Storage Field Day 7 – Day 2 – VMware

Disclaimer: I recently attended Storage Field Day 7.  My flights, accommodation and other expenses were paid for by Tech Field Day. There is no requirement for me to blog about any of the content presented and I am not compensated in any way for my time at the event.  Some materials presented were discussed under NDA and don’t form part of my blog posts, but could influence future discussions.

For each of the presentations I attended at SFD7, there are a few things I want to include in the post. Firstly, you can see video footage of the VMware presentation here. You can also download my raw notes from the presentation here. Finally, here’s a link to the VMware website that covers some of what they presented.



I’d like to say a few things about the presentation. Firstly, it was held in the “Rubber Chicken” Room at VMware HQ.

Secondly, Rawlinson was there, but we ran out of time to hear him present. This seems to happen each time I see him in real life. Still, it’s not everyday you get to hear Christos Karamanolis (@XtosK) talk about this stuff, so I’ll put my somewhat weird @PunchingClouds fanboy thing to the side for the moment.


Thirdly, and I’ll be upfront about this, I was a bit disappointed that VMware didn’t go outside some fairly fixed parameters as far as what they could and couldn’t talk about with regards to Virtual SAN. I understand that mega software companies have to be a bit careful about what they can say publicly, but I had hoped for something fresher in this presentation. In any case, I’ve included my notes on Christos’s view on the VSAN architecture – I hope it’s useful.



VMware adopted the following principles when designing VSAN.


  • Compute + storage scalability
  • Unobtrusive to existing data centre architecture
  • Distributed software running on every host
  • Pools local storage (flash + HDD) on hosts (virtual shared datastore)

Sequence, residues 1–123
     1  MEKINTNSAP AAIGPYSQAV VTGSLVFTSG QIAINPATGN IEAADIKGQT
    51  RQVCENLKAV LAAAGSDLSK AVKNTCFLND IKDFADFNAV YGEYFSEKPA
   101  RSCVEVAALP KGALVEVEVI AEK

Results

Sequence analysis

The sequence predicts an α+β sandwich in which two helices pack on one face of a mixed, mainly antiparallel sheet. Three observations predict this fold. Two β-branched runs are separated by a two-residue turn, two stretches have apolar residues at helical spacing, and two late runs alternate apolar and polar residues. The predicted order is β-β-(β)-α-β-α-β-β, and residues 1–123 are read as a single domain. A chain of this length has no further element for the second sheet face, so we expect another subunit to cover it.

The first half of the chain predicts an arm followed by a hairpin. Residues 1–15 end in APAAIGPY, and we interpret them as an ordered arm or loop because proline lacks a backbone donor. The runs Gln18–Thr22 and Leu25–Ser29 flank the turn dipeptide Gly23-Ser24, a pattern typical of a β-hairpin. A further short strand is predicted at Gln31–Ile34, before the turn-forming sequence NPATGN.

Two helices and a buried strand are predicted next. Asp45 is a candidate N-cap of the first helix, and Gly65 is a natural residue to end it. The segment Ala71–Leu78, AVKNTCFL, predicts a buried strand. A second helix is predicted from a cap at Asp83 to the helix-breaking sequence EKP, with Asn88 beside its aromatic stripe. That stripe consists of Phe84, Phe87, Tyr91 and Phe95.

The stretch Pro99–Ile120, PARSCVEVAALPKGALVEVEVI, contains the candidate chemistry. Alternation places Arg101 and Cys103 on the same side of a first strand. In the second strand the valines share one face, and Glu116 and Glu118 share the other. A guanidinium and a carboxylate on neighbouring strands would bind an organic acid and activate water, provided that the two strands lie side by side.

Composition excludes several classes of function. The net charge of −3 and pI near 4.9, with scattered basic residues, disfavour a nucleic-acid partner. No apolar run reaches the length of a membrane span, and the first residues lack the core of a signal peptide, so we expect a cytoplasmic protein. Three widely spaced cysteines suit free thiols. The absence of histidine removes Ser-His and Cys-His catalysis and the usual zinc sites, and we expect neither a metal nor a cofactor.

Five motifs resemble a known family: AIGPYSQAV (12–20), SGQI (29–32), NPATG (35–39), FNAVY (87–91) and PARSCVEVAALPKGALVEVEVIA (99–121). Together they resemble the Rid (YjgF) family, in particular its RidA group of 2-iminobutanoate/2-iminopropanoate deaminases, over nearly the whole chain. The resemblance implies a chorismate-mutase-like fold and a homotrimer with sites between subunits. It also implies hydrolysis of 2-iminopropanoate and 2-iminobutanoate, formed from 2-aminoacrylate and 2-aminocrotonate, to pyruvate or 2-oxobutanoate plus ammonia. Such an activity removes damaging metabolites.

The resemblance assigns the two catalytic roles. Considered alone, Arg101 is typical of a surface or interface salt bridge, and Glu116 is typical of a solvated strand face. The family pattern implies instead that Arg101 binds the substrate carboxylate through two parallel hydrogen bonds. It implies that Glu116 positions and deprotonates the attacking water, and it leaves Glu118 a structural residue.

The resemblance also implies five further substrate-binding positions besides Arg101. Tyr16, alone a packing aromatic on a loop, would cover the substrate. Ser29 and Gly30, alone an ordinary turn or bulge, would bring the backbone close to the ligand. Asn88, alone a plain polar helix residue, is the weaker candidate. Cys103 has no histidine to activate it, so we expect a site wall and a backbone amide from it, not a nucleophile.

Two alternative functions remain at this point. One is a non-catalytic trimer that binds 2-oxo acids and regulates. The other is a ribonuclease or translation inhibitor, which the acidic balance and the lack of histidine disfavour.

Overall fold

• Symmetric architecture – no single point of failure, no bottleneck

The hypervisor opens up new opportunities, with the virtualisation platform providing:

  • Visibility to individual VMs and application storage
  • Manages all applications’ resource requirements
  • Sits directly in the I/O path
  • A global view of underlying infrastructure
  • Supports an extensive hardware compatibility list (HCL)

Critical paths in ESX kernel

The cluster service allows for

  • Fast failure detection
  • High performance (especially for writes)

The data path provides

  • Low latency
  • Minimal CPU per IO
  • Minimal Mem consumption
  • Physical access to devices

This equals minimal impact on consolidation rates. This is a Good Thing™.

Optimized internet protocol

As ESXi is both the “consumer” and “producer” of data there is no need for a standard data access protocol.

Per-object coordinator = client

  • Distributed “metadata server”
  • Transactions span only object distribution

Efficient reliable data transport (RDT)

  • Protocol agnostic (now TCP/IP)
  • RDMA friendly

Standard protocol for external access?

Two tiers of storage: Hybrid

Optimise the cost of physical storage resources

  • HDDS: cheap capacity, expensive IOPS
  • Flash: expensive capacity, cheap IOPS

Combine best of both worlds